Champagnie was very impressive. He provided a force on the offensive end, particularly when taking passes at the top of the point to counter the Hoya’s zone. Attacking a zone has been a weak part of the Red Storm offense.
In addition, he led the team in rebounds with ten and somewhat neutralized Yurtseven though giving away several inches early on. He finished with 14 points on an impressive 6/10 from the field. It looks like he will have an important role to play, particularly when opponents go into zone defenses that often leave the area at the top of the key uncovered.
Dunn played 35 minutes and Williams was second on the team in playing time with 33 minutes. Dunn, hitting 5/13, led the team, along with Heron, with 16 points. He had four rebounds and three assists. However, he also led the team with four turnovers.
Williams played his usual stellar defensive game but was tentative on offense, scoring just four points.
Once again Josh Roberts started both halves but was on the court for only 11 minutes, leaving much of the responsibility to guarding Yurtseven to Champagnie and Marcellus Earlington. Yurtseven, who had only three points in the first half, ended the game with 13 points and 15 rebounds.
The new lineup worked at first but the use of Roberts for such a short period of time for the second game in a row remains mysterious.
Live by the press but die by the press
Remember the Seton Hall game? With St. John’s leading at the half by 13. the Pirates came out in a press as the second half began and the Red Storm wilted under the pressure. The Georgetown game was almost a repeat performance.
In both games it was sloppy passing after a successful inbounds pass. Against Georgetown the team had no turnovers in the first half but committed 12 turnovers in the second half, leading to Georgetown scores.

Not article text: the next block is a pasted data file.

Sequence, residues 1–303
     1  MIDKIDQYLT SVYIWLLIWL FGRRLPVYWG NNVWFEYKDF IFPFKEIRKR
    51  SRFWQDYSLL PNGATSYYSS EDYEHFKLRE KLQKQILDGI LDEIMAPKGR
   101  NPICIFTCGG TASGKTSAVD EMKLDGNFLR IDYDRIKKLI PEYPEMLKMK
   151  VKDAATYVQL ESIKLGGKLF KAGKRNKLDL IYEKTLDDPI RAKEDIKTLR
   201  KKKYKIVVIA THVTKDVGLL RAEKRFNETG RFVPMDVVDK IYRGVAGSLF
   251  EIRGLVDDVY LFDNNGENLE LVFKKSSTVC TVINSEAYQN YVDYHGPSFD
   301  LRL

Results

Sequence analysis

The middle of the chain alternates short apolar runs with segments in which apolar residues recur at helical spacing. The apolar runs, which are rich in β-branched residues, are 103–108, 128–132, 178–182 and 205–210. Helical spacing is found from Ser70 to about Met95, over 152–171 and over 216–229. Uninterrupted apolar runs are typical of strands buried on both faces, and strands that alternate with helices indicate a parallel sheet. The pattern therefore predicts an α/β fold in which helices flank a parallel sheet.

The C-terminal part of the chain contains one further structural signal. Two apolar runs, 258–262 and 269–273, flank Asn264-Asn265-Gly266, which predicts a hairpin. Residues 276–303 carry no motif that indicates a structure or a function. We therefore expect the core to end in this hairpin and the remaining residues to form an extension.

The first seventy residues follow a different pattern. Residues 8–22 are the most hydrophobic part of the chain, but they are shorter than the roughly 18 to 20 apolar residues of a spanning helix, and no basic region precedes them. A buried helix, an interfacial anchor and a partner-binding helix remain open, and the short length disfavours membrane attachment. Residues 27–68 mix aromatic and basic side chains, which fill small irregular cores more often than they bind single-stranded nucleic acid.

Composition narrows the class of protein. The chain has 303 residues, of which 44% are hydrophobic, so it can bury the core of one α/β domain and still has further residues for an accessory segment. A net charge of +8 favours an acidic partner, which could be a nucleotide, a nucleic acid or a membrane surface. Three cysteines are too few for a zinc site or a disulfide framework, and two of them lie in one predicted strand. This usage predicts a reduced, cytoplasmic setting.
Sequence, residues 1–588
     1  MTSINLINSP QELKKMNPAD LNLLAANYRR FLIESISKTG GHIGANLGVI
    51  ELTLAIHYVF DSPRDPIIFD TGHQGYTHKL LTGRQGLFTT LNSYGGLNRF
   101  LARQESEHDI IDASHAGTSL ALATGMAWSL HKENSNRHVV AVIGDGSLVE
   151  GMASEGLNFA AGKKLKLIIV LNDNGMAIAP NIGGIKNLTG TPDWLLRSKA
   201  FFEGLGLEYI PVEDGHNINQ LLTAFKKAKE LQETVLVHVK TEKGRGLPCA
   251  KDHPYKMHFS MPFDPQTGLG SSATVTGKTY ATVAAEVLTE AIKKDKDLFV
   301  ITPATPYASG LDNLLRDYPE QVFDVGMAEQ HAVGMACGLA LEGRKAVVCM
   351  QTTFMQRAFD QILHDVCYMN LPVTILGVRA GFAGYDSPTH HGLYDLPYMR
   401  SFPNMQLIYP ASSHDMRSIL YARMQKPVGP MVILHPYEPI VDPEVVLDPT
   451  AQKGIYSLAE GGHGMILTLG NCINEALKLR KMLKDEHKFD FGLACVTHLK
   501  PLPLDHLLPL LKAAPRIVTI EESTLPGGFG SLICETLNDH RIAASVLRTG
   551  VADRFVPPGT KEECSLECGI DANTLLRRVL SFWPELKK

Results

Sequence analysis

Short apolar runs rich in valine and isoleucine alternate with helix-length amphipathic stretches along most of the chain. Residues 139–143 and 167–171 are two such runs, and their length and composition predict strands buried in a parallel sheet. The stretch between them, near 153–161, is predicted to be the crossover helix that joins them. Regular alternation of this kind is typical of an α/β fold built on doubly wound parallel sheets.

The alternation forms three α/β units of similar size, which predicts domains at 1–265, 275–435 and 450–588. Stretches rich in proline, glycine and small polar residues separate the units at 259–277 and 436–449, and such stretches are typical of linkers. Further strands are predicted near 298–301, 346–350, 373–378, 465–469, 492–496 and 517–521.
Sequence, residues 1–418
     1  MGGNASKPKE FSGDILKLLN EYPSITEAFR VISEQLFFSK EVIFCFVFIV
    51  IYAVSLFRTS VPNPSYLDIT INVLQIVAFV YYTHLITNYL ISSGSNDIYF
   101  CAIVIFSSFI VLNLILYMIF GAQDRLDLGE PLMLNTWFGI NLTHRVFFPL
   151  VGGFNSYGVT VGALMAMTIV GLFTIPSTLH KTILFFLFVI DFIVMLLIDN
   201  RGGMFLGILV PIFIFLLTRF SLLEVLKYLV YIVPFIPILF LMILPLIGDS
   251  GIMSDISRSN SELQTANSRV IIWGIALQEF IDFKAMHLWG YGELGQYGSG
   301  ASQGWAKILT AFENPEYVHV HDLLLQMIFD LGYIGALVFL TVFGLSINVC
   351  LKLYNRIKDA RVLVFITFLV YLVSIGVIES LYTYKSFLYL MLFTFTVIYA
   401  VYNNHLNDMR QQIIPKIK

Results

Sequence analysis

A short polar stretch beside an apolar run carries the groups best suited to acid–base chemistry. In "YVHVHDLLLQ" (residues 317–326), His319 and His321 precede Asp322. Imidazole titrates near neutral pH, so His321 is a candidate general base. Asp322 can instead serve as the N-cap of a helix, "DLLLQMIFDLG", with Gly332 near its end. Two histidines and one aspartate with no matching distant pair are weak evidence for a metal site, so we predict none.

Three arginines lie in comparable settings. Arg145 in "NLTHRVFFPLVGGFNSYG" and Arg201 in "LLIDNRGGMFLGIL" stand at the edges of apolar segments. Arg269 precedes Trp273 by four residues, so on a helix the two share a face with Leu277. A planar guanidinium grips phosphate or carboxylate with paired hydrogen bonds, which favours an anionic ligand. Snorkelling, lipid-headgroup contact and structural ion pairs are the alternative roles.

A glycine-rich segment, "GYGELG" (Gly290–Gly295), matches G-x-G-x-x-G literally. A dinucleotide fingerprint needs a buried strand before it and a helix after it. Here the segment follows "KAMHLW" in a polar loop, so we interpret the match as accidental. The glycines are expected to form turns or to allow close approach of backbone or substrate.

Equally of concern is the fact that there were times the Johnnies broke through the Hoya press and had two on one and even once a three on one advantage. Instead of attacking the basket, they pulled the ball out to slow down the game, allowing Hoya defenders to regroup.
With the next game on Saturday, February 8th, the Johnnies have time to work out the responsibilities of each player on the court when countering pressure. There are too many athletic and quick players on the team to allow opponents’ pressure defense to be this successful.
Passiveness on offense
The Johnnies have, at times over the season and again against Georgetown, stopped playing aggressively as they try to “milk the clock” with a lead late in games. Against Georgetown there were elements of passiveness with 10 minutes to play that resulted in several 30-second shot clock violations.
The passiveness contributed to the 12 turnovers in the second half and, at times, took them out of advantageous opportunities when they did break the Hoya press. Lastly, it took them out of a better shot opportunity with the game on the line, having the ball and the lead with 50 seconds to play.
The team is now 2-8 in league play. The question is: are they improving?
Some players — Dunn and Champagnie have stepped up in recent games. Most are treading water.
The best projection is that there were four losses that were clearly winnable games. Does that mean the Johnnies will make the little changes needed to turn defeats into victories?
A difficult game ahead at Creighton and a winnable game at Carnesecca Arena against Providence are the next two opportunities to correct what needs correction. There are five practice days to accomplish these improvements.